The Lament of Prometheus

The Lament of Prometheus: An Examination of David Lindsay’s A Voyage to Arcturus

Finally, available on Amazon is a work of literary criticism I have been waiting for 13 years to publish. Now it is here.

See The Lament of Prometheus on Amazon

Here is the description of the book:

Lament of Prometheus in a nonfiction work in which award-winning science fiction Grandmaster John C. Wright in sets out to explain the inexplicable: A Voyage to Arcturus written in 1920 by Scottish author David Lindsay, is a fascinating, blasphemous, and magnificent failure.

Wright sets out to explore the weird, wild, wonderful world depicted in Lindsay’s forgotten masterpiece, to plumb its depths, decode its symbols, discover its secrets, and identify its breathtaking literary disappointment.

No other author else has dared such simply striking, mind-stretching, awe-inspiring, sublime absurdities as David Lindsay. From the description of new sense impressions to the depiction of unimaginable new primary colors, to the invention of a third positive sex unknown on earth, Lindsay challenges the reader to imagine the unimaginable.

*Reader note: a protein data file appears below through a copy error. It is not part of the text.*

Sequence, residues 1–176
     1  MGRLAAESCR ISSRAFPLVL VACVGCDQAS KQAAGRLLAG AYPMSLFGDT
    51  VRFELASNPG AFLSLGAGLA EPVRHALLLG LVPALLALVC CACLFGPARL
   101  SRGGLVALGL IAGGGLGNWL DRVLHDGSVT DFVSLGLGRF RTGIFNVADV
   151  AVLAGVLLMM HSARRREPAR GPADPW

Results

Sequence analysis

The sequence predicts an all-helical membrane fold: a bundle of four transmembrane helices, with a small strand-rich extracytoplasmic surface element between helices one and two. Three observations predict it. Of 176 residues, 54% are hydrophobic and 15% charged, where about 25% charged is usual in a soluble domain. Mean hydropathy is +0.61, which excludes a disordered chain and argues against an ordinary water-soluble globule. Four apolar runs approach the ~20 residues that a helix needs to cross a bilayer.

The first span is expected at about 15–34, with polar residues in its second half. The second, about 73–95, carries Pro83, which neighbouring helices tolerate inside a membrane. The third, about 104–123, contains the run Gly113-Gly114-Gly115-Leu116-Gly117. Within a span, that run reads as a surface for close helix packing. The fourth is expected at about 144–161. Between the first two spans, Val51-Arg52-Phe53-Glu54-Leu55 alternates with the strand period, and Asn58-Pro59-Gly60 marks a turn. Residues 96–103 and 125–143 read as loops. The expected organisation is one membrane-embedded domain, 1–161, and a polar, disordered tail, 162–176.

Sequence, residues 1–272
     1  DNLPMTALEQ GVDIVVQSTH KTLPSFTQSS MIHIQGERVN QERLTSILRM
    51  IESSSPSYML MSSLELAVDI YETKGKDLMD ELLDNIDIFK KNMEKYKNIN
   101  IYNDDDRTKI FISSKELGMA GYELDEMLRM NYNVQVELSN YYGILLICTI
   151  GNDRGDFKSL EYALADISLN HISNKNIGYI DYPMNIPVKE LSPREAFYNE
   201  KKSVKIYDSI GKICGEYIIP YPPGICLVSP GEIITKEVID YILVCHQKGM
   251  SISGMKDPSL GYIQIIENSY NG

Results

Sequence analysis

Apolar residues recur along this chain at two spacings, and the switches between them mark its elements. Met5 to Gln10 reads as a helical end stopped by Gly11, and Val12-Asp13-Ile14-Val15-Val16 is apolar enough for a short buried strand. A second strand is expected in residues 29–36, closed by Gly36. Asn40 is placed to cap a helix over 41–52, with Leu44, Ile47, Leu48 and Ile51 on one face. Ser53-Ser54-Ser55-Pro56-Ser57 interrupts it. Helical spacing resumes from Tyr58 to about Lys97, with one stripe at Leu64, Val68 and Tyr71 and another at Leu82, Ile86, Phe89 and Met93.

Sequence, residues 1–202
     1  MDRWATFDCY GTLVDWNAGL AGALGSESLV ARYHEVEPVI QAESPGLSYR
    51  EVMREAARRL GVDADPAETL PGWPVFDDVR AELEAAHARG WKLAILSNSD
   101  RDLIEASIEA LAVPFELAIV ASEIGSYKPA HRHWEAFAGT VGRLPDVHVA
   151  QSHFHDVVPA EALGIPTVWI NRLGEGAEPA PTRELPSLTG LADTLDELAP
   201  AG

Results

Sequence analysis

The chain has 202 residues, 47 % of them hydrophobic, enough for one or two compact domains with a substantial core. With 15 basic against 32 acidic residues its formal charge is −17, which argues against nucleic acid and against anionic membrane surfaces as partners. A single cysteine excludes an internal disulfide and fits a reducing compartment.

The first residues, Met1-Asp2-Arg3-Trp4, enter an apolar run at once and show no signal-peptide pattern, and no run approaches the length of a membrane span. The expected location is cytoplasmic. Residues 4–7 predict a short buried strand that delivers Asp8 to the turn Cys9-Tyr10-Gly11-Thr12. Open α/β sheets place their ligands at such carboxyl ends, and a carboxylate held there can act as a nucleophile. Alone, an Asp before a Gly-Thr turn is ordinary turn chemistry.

Literary luminaries such as Gary Wolfe and Colin Wilson were fascinated by this blasphemous book, as was Michael Moorcock. In his sole attempt at fiction writing, the world-famous critic Harold Bloom attempted a sequel.

C.S. Lewis list it as his inspiration to write science fiction:

“From Lindsay I first learned what other planets in fiction are really good for: for spiritual adventures. Only they can satisfy the craving which sends our imaginations off the earth.”

It is the tale of a Englishman named Maskull, an everyman figure, transported via the occult means of backward light-rays to the giant planet Tormance circling the double star Arcturus, seeking a godlike but hidden figure named Surtur, who may be the devil, or the divine fire hidden in every man.

John C Wright makes an attempt as bold as Maskull to follow in his unearthly footfalls, to examine sheer weirdness of the conceit; the symbolism and philosophy; and to name rightly what David Lindsay hid under onion layers of riddles: a striking yet morbid message.

See The Lament of Prometheus on Amazon

A Personal Note:

Long have I awaited this day. Originally this analysis was written only for my own edification, to clarify and focus my own meditations on this odd and mesmeric work.

The tell grew in the telling, as they say, and when the column grew to book length, I decided it was worthy of being sold, despite the obscurity of the subject matter.